Malignant gliomas are a devastating brain tumor disease with very poor prognosis. Stereotactic biopsy sampling is routinely used in larger neurosurgical centers to confirm the diagnosis of a suspected brain tumor. This procedure is associated with risk of blood vessel rupture as well as false-negative results. Recent investigations suggest a potential of light-based techniques to improve both therapy and diagnosis of GBM.
Optical guidance can be utilized to improve the biopsy sampling procedure in terms of safety, reliability, and efficacy. Recording of optical signals (transmission, remission, fluorescence) can be potentially integrated into a biopsy needle for providing optical detection of tumor tissue and blood vessel recognition during the biopsy sampling.
Optical signals can also be used for monitoring purposes during photodynamic therapy. Here, fluorescence signals recorded before the treatment indicate the presence and accumulation level of photosensitizer, while photobleaching of the photosensitizer fluorescence during the treatment can be used as a measure of the effectiveness of the therapy. Finally, transmitted light can reveal problematic tissue-optical conditions as well as changes of the optical properties of the treated tissue, which may be relevant with regard to treatment prognosis and strategy. Different optical concepts for interstitial PDT monitoring and optical tissue property assessment are presented.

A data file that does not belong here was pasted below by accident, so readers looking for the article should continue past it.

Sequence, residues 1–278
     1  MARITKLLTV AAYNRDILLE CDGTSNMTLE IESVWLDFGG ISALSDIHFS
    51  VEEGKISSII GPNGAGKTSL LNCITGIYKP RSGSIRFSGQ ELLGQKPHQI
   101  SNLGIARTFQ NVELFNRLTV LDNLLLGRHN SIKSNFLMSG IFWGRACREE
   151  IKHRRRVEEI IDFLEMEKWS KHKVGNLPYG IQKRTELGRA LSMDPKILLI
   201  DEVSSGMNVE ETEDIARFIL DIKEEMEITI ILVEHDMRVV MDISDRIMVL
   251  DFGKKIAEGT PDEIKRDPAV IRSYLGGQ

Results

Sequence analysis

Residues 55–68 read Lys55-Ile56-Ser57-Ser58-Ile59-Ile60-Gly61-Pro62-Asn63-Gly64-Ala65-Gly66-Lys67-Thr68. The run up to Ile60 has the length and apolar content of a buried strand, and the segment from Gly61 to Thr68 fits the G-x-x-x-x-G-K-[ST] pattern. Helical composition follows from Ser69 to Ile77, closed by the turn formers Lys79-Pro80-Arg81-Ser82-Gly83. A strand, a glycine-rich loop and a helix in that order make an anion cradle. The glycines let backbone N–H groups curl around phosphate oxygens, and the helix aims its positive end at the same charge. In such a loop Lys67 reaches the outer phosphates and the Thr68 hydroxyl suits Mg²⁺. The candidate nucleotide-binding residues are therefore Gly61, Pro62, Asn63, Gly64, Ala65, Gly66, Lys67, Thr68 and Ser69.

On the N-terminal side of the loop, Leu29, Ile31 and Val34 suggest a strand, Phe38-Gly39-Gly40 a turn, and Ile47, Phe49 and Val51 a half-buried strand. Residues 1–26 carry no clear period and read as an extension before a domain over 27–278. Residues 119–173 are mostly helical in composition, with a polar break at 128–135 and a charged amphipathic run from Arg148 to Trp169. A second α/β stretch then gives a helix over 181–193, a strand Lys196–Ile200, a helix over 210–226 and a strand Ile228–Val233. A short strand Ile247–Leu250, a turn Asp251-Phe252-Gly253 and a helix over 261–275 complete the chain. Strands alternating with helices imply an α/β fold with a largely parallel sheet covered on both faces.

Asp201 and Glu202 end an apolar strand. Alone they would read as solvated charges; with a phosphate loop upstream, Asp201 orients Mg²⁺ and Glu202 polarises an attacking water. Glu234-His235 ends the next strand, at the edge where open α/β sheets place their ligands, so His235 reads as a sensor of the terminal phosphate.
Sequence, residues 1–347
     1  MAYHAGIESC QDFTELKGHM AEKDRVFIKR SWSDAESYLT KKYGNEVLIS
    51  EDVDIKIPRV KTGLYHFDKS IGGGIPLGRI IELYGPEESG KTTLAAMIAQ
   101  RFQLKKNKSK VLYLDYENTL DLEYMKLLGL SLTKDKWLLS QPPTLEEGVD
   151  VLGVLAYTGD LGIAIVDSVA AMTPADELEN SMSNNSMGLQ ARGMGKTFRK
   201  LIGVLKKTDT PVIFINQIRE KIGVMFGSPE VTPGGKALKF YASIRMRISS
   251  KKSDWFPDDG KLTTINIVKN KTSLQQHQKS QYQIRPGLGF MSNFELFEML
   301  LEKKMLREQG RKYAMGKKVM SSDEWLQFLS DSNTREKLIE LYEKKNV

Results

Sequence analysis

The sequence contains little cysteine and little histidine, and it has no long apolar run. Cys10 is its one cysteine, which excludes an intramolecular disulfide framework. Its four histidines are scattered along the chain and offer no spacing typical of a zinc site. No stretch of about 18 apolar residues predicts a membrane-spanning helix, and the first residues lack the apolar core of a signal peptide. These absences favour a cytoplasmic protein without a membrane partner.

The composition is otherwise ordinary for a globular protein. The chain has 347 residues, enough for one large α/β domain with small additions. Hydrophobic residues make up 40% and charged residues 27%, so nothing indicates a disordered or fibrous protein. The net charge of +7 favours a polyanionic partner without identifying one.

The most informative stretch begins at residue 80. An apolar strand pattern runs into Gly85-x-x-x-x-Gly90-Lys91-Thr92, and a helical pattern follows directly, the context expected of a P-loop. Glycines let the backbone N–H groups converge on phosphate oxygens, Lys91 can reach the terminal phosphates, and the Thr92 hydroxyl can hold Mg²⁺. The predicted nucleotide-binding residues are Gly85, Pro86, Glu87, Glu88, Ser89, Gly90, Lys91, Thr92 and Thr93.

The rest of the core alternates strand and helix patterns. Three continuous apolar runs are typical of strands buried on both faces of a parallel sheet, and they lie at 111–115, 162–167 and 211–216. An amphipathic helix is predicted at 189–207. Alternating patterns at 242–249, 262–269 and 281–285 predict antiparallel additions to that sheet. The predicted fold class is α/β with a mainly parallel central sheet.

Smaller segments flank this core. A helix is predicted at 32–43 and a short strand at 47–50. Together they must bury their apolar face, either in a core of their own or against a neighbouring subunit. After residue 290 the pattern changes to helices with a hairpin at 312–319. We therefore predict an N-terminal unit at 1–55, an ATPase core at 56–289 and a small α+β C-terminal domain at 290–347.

Ronald Sroka, Adrian Rühm, Herbert Stepp, and Niklas Markwardt, "Investigations and developments for PDT in brain tumors (Conference Presentation)," Proc. SPIE 10685, Biophotonics: Photonic Solutions for Better Health Care VI, 1068502 (Presented at SPIE Photonics Europe: April 23, 2018; Published: 24 May 2018); https://doi.org/10.1117/12.2306925.5789228913001.
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